Thursday, October 15, 2009
Small Employers Struggle to Offer Health Insurance
by John Tozzi
posted by Adam Lindheim
Unlike most small employers, Boeggeman, George & Corde, a New York law firm with offices in White Plains and Albany, pays full health insurance coverage for each of its 23 employees and their families. At least for now.
Premiums are rising so quickly that partner Richard Corde has been grappling for six years with whether to make workers pay part of the cost. In that time, the health-care share of the firm's total compensation budget has doubled, to 10%. When Corde went to his insurer, Health Net (HNT), to arrange a November renewal for the firm's' policy, he was given a 22% higher rate, an increase Corde says is typical. He has switched insurers at least three times to avoid such hikes. To keep the policy affordable this year, he agreed to higher deductibles for doctors' visits and prescriptions. Even with the concessions, the firm will pay about 9% more this year—close to $200,000. "I don't know how many years of those kind of increases I can absorb," Corde says.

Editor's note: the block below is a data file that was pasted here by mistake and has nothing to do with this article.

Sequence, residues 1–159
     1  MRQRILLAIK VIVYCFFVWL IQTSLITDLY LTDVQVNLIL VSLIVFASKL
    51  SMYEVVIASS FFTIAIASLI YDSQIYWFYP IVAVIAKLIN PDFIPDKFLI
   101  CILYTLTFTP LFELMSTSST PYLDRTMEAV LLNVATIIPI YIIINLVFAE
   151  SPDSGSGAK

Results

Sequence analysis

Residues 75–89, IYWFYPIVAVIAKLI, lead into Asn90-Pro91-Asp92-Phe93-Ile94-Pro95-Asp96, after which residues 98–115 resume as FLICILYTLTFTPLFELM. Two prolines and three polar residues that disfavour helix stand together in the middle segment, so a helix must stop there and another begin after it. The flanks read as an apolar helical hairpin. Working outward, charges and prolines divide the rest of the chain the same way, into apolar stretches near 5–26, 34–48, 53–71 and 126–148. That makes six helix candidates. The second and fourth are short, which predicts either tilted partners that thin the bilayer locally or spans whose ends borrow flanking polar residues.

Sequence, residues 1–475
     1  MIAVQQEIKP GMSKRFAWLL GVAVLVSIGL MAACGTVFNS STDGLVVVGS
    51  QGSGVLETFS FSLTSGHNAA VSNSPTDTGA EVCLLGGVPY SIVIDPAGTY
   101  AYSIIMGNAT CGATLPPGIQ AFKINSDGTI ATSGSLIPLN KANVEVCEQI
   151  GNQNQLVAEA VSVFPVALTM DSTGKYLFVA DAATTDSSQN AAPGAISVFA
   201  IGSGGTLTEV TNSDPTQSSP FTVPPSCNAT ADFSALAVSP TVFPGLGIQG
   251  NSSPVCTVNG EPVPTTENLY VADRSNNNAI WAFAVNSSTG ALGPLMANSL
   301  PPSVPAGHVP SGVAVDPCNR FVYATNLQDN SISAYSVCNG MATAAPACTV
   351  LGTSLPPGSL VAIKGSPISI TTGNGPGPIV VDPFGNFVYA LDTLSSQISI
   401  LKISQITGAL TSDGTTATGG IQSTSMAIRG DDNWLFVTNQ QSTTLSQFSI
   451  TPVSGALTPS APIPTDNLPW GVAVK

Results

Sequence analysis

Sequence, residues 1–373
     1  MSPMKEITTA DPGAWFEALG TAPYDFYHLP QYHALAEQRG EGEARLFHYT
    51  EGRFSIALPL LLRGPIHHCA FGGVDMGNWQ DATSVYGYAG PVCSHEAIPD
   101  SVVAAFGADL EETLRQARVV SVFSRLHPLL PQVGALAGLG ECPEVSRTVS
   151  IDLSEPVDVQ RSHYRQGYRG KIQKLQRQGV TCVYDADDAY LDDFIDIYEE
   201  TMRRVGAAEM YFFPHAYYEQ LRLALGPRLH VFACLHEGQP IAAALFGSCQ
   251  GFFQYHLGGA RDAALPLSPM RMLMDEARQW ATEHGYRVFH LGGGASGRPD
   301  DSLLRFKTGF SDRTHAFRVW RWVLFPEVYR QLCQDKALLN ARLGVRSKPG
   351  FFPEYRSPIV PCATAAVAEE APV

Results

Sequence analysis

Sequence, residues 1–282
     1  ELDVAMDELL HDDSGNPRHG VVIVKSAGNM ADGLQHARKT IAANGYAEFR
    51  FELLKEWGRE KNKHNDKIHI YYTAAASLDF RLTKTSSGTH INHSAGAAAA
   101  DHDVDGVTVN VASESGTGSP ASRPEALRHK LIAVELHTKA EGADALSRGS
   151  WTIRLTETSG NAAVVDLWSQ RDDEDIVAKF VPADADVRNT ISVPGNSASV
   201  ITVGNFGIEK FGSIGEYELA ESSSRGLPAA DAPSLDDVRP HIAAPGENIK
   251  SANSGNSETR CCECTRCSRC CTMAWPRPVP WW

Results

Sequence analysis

Washington lawmakers are trying to write legislation to contain health-care costs and expand coverage. But even if reform passes this year, any effect on the price of care won't manifest until 2011 at the earliest, according to an analysis by PricewaterhouseCoopers. Many small businesses, some closing the worst year (or two) in their histories, face hard questions about how—and how much—to pay to keep their employees and their families healthy.
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